Watching Others, Watching You, Watching Out

© Can Stock Photo / Bepsimage

You know the classic Catch-22 pun: “Just because you’re paranoid doesn’t mean they aren’t after you.” Here are a few items I’ve been keeping a watchful eye on lately. As an evidence-based investment advisor, you may want to take a look at them too.

Say Hello To the SEC’s SALI

Given the usual deluge of headline-grabbing alerts, you may not have noticed this May 2nd SEC press release, introducing its SEC Action Lookup for Individuals (SALI). SALI is super easy to use, and reports on “individuals” (typically, advisors) who have SEC actions against them “against whom a court has entered a judgment or the Commission has issued an order.” For now, the database covers October 2014 through March 2018, but it’s expected to expand in both directions over time.

SALI could come in handy for your own general research or due diligence on, say, a prospective hire or anyone whose credentials seem suspect. Depending on how you feel about SALI, you may also want to share the link with your investor network. Plus, try entering your own surname and make sure nothing too surprising comes up – especially if you’ve got a common name like Smith or Jones.

Boondoggle Brigade Busted

Admittedly, I’m pretty naïve. Having worked for reputable advisors and fund managers for as long as I have, I sometimes forget that outlandish fees, conflicts of interest and unprincipled practices persist among the wider financial community.

Thankfully, there are columnists like The Wall Street Journal’s Jason Zweig to remind me. Did you catch his recent “Intelligent Investor” exposé, “The Free Trips Your Financial Advisor Takes Could Cost You”? As Zweig observes of advisors who accept free trips from others, “Wining and dining with money managers for free under tropical skies could cloud his or her judgment.”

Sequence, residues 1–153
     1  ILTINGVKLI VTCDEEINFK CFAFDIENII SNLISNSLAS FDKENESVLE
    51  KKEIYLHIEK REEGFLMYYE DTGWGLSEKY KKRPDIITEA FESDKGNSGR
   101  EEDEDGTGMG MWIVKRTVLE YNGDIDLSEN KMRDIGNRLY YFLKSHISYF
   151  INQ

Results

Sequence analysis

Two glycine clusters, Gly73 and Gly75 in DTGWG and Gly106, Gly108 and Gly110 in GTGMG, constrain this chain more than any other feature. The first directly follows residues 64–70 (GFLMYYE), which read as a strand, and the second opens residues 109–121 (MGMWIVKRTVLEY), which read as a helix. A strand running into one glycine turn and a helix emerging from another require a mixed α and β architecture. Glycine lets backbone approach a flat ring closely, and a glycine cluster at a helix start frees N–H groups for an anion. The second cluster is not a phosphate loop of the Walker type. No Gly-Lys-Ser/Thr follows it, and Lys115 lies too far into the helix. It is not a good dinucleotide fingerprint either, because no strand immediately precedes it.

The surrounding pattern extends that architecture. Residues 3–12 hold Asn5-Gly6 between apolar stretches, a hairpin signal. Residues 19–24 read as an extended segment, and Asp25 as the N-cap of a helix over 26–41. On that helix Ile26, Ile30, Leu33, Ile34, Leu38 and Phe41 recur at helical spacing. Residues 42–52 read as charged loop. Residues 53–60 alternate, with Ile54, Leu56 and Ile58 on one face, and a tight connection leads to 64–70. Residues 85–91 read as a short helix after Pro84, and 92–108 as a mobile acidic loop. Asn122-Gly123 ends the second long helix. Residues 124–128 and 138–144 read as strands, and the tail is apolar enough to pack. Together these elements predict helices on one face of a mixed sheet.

To say the least! Personally, I can’t even imagine a universe in which any reputable financial advisor would let someone else foot the bill for an all-expense-paid “due diligence conference” held at the Ritz Carlton at Marina Del Ray or the Four Seasons in Mexico City. I love that Zweig includes direct links to these and a couple of other actual, upcoming events, to show that he’s not just making this stuff up.

GDPR … It’s Growing on Me

GD-what? It’s not your fault if you’ve not even heard of the European Union’s General Data Protection Regulation (GDPR). Set to go live May 25th, it’s a big deal in Europe, but I might not have heard of it either if I didn’t have a number of colleagues and clients based there. Even then, it only dawned on me a few weeks ago that I may need to comply with portions of it too, as described in this Forbes article.

If you are not collecting, processing or storing any personal information on anyone in the EU, you can probably remain blissfully ignorant about the details. But, I wanted to bring it to your attention anyway because I’m intrigued by its parallels to our would-be fiduciary standards. Think of the GDPR as having a similar mission, but it’s meant to protect people’s personal data instead of their financial well-being.

Both seem well worth protecting, and the GDPR seems to be authentically leading the charge on this important front. If it works as hoped for, we may have the opportunity to learn from and emulate its successes as we seek to advance universal fiduciary standards of care and improve on financial best practices around the globe.

I think I’ll hit pause for now, to keep this post short and sweet. But I hope to revisit the subject soon … so keep a watchful eye on my blog. Or subscribe below to receive these straight to your inbox.